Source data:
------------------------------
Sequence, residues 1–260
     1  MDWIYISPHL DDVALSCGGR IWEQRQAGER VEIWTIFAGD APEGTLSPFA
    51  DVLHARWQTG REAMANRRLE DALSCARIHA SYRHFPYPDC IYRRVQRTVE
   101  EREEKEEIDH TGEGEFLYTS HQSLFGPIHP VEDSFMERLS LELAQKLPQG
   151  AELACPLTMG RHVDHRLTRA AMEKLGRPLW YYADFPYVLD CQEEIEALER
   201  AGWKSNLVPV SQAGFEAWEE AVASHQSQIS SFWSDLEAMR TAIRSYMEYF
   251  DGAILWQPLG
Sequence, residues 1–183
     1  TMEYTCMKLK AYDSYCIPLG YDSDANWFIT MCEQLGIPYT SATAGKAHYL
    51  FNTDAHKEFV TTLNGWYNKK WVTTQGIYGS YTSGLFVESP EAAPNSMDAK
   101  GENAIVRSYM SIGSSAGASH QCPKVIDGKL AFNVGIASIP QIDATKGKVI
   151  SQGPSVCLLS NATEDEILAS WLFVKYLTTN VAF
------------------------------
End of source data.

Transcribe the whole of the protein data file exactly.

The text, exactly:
Sequence, residues 1–260
     1  MDWIYISPHL DDVALSCGGR IWEQRQAGER VEIWTIFAGD APEGTLSPFA
    51  DVLHARWQTG REAMANRRLE DALSCARIHA SYRHFPYPDC IYRRVQRTVE
   101  EREEKEEIDH TGEGEFLYTS HQSLFGPIHP VEDSFMERLS LELAQKLPQG
   151  AELACPLTMG RHVDHRLTRA AMEKLGRPLW YYADFPYVLD CQEEIEALER
   201  AGWKSNLVPV SQAGFEAWEE AVASHQSQIS SFWSDLEAMR TAIRSYMEYF
   251  DGAILWQPLG
Sequence, residues 1–183
     1  TMEYTCMKLK AYDSYCIPLG YDSDANWFIT MCEQLGIPYT SATAGKAHYL
    51  FNTDAHKEFV TTLNGWYNKK WVTTQGIYGS YTSGLFVESP EAAPNSMDAK
   101  GENAIVRSYM SIGSSAGASH QCPKVIDGKL AFNVGIASIP QIDATKGKVI
   151  SQGPSVCLLS NATEDEILAS WLFVKYLTTN VAF